An application of the Bongaarts proximate determinants of low fertility for Brazil
S. Philip Morgan, University of North Carolina at Chapel Hill
Raquel Zanatta Coutinho, University of North Carolina at Chapel Hill
André B. Golgher, Cedeplar, UFMG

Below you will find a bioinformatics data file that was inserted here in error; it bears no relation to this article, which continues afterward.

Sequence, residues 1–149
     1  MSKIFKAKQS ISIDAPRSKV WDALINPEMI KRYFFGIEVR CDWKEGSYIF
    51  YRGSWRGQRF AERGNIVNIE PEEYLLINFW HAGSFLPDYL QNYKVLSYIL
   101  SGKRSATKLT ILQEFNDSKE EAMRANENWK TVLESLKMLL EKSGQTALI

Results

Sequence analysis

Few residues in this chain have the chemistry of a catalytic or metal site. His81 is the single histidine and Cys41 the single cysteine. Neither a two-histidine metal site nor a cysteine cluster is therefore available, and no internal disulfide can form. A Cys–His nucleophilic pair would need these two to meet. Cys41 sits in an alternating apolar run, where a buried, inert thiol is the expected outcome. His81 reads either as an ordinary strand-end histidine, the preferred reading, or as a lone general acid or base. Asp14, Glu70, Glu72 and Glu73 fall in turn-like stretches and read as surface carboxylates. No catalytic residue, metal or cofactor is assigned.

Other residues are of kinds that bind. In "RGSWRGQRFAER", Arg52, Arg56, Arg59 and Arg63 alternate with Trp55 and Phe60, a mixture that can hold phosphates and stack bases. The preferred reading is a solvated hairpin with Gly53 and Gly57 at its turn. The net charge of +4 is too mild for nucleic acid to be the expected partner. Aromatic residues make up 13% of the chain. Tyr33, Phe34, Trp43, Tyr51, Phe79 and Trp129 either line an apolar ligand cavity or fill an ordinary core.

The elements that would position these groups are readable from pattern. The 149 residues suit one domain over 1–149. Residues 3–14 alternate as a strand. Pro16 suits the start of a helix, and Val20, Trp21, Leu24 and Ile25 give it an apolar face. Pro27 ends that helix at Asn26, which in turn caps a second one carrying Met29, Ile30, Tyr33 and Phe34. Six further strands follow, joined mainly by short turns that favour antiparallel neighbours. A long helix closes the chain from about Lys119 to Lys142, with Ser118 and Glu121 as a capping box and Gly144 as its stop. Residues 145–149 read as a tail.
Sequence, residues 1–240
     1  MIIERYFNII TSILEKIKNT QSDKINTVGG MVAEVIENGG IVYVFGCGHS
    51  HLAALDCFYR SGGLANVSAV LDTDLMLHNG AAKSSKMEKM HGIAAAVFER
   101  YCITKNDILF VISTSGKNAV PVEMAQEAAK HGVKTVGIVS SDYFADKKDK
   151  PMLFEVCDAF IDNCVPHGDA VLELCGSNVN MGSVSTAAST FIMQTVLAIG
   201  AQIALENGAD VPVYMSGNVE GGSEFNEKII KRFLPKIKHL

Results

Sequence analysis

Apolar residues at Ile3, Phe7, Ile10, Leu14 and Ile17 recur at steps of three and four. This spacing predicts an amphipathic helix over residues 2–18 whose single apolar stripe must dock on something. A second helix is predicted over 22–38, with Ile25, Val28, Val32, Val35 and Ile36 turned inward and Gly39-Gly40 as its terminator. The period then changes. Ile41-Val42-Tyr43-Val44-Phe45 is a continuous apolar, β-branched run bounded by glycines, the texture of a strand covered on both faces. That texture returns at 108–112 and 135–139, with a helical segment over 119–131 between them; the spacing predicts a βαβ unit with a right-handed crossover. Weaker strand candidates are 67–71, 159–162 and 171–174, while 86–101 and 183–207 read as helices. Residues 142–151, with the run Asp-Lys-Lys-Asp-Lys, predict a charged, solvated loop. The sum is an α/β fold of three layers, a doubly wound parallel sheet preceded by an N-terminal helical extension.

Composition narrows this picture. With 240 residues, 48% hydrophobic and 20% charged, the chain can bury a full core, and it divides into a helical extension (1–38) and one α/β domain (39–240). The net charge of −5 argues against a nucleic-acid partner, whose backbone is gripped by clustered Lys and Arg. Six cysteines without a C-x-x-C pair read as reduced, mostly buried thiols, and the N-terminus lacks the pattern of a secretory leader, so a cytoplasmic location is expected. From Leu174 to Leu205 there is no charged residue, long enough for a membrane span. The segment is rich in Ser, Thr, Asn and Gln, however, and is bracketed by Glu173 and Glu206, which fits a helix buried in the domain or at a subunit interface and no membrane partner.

More than half of the world’s population lives in a country where fertility is below replacement level. Brazil is one of them. Total Fertility Rate went down from 5.8 children per women in 1960 to 1.8 in 2006 (Ministerio da Saude 2008). Some internal disparities exist, however, regardless of the low value at the macro level. For example, in 2006, while fertility was 1 child per women for those with more than 12 years of education, those who were illiterate had a TFR of 4.24 children. For women with per capita income equal to 1/4 minimum wage, TFR was 4.8, while women with per capita income equal to minimum age, TFR was already below replacement in the early 2000´s (Berquó e Cavenaghi, 2006). Other variations such as regional and racial differentials are also pronounced. White women had a TFR of nearly half a child less than blacks (TFT=1.53 for whites and 1.98 for blacks) in the year 2006. The Bongaarts Proximate Determinants of low Fertility (Bongaarts, 2001) is especially useful to analyze and compare factors associated with low fertility. Thus, this research aims at understanding fertility variation and its components across time in Brazil, shedding light on the factors that contribute for low fertility, how they vary by socio-demographic characteristics (race, education, geographic macro-region, and place of residence), and how these factors combined formed the total fertility rate throughout the years. In order to do that, we used Demographic and Health Survey data from 1986, 1996 and 2006 to decompose fertility rates using the framework of the Bongaarts Proximate Determinants of Low Fertility for each socio-demographic characteristic. We ultimately expect to be able to extend the literature on the Brazilian fertility transition and elaborate informed suggestions of public policies to address unmet fertility outcomes.